Film reviews: What To Expect When You’re Expecting | Free Men | Iron Sky |
A FACT-filled, best-selling, self-help guide to pregnancy is the basis of this new domesticated comedy, a new level of desperation in page-to-screen that should at least grab the attention of Jean Marie Stine, author of How To Write A Bestselling Self-Help Book.
What To Expect When You’re Expecting (12A)
Director: Kirk Jones
If you take a book of gestational tips and fertilise it with a couple of sophomore screenwriters, the result is a cross between Love, Actually and With Six You Get Egg Roll, the story of angsty mothers-to-be and their partners facing parenthood for the first time.
Cameron Diaz is a celebrity fitness trainer whose rock solid ab wall is dismantled when she is impregnated by her dancing partner (Glee’s Matthew Morrison) on what looks like the American version of Strictly Come Dancing. Faced with parenthood just months after dating, they struggle for supremacy over names, upbringing and circumcision (worry not, they already know it’s a boy).
Elizabeth Banks runs a baby shop called Breast Choice, has a phone app that screams when she’s ovulating, and after two years of idealising the view from here to maternity, manages to get up the stick. Her husband (Ben Falcone) is delighted, until he finds they are being trumped in every possible arena of babymaking by his Nascar champion father (Dennis Quaid) and his twentysomething trophy wife (Brooklyn Decker). Banks suffers fatigue, weepiness, acne and gas. Trophy wife barely shows a bump at eight months although she’s carrying twins.
Across town, photographer Jennifer Lopez and her husband (Rodrigo Santoro) live on a financial knife edge, whilst trying to adopt a child from Ethiopia before Brangelina or Madonna clean the country out of infants. And at the teen end of the demographic, a food truck chef (Twilight’s Anna McKendrick) has a one night stand with her pork-burger rival (Chace Crawford) and ends up with a bun in her oven.
What To Expect When You’re Expecting is not the worst domestic comedy out this year – that title still belongs to New Year’s Eve – but it is so puny and under-developed that the babies look like prop forwards in comparison. Director Kirk Jones deals only in glib clichés, easily masticated and built to cater to the most primal instinct of someone with a free Friday night, which is to watch genetically gifted men and women look fat, clumsy and relatable. None of them is sufficiently detailed to sustain a film on their own, and like the bellies on display there’s a lot of padding to help the movie reach feature length.
One bit of flannel is clearly designed to make bored men feel a bit better about sitting through a film about pregnancy; a pack of smug babywalking men led by Chris Rock, who push their prams around the park to Notorious B.I.G.’s Hypnotize, and warn Mr Lopez that his fun days are over. The daddy dudes act as a Greek chorus – experienced parents who don’t judge if someone’s child swims in the toilet, eats a cigarette or gets knocked out by a full beer can.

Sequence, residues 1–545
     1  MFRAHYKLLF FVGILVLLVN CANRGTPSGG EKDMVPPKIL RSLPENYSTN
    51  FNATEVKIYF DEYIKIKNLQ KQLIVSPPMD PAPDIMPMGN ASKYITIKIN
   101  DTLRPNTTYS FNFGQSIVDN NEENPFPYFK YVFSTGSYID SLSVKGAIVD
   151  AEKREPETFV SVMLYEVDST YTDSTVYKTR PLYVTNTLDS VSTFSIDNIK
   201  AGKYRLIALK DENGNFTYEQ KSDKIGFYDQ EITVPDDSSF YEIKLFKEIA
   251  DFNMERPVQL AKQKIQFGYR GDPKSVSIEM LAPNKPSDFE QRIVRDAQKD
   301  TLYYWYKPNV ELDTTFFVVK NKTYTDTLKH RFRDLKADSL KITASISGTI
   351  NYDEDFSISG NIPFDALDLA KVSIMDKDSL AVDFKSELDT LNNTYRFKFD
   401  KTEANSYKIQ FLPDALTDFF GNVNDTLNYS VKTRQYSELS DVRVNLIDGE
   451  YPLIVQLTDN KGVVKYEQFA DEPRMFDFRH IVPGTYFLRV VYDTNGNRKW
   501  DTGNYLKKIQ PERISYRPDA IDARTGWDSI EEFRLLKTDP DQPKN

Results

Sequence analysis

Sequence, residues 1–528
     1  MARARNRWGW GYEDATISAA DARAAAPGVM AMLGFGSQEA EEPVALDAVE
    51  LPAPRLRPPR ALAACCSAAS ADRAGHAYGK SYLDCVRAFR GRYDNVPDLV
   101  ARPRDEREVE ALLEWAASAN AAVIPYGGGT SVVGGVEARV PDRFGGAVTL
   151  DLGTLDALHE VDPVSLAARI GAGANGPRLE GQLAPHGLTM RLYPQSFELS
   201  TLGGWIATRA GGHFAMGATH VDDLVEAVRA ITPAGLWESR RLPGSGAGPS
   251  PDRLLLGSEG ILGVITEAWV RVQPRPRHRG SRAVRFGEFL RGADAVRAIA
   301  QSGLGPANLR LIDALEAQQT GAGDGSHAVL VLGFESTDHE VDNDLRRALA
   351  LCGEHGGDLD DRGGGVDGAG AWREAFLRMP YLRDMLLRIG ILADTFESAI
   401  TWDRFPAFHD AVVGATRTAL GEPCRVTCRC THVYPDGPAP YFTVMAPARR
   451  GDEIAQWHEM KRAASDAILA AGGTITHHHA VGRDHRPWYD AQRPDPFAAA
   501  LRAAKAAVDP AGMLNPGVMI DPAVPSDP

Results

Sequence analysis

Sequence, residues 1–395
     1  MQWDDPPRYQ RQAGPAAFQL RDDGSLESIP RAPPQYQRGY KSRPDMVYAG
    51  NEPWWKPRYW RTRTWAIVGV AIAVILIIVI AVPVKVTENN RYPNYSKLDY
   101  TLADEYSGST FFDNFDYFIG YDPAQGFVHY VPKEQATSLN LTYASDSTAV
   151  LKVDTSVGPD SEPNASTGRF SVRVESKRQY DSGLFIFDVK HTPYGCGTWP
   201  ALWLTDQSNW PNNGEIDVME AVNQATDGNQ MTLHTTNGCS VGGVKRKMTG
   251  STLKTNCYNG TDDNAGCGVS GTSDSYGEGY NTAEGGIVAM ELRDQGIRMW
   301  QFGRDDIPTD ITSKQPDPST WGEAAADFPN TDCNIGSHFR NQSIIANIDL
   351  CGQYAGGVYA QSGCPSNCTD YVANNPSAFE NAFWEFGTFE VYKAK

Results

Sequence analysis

Otherwise this isn’t much more than sketches ranging from slapstick to tragic, that hardly require a sonogram to diagnose what’s going on, and that the word “abortion” is about as likely to crop up here as “antidisestablishmentarianism”. It’s corny, phoney stuff, and lucky to have a game cast trying to carry it to term.
• On general release from Friday
Free Men (12A)
The rise of a young Algerian immigrant in the French Resistance is the focus of this satisfying Second World War drama, about a black marketeer (Tahir Rahim, right) who regards the war as an opportunity to make a buck then scoot. “Why fight?” he tells his cousin. “It’s not our war.” Of course, that’s about to change: caught by the Nazis, he’s blackmailed into spying on some Muslim agents who use the Paris Mosque as their headquarters.
The thug who grows a conscience is not a new story but the details are. “Inspired by true stories”, the mosque is forging false papers to help Jews pass as Muslims. Ismaël Ferroukhi’s picture could do with tighter plotting, while the secondary characters are a bit underwritten, but Rahim reasserts himself as a compelling actor after the stilted nonsense of Black Gold.
Filmhouse, Edinburgh, and Glasgow Film Theatre, from Friday
Iron Sky (15)
What if Hitler sent a unit of Nazis to set up a swastika-shaped base on the dark side of the moon during the Second World War? That’s the premise of this Finnish-German and Australian co-production that could have had Quentin Inglourious Basterds Tarantino weeping tears of revisionist envy.
The opening scene, in which two US astronauts make a lunar touchdown in 2018 and stumble across stormtroopers in space helmets, has been available on the internet for months, and demonstrates that you can make a pretty impressive looking movie for £7 million. As the rest of the film shows, though, the acting and script is closer to something from a Lidl’s clearance bucket.
This Finnish-German-Australian production had the potential to be a bad taste pulpy pleasure, but lacks the nerve to go over the top. A gag about Sarah Palin becoming president was topical about two years ago, and the rest is too grimly unfunny to sustain your curiosity.
On general release from Wednesday
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Wednesday 19 June 2013
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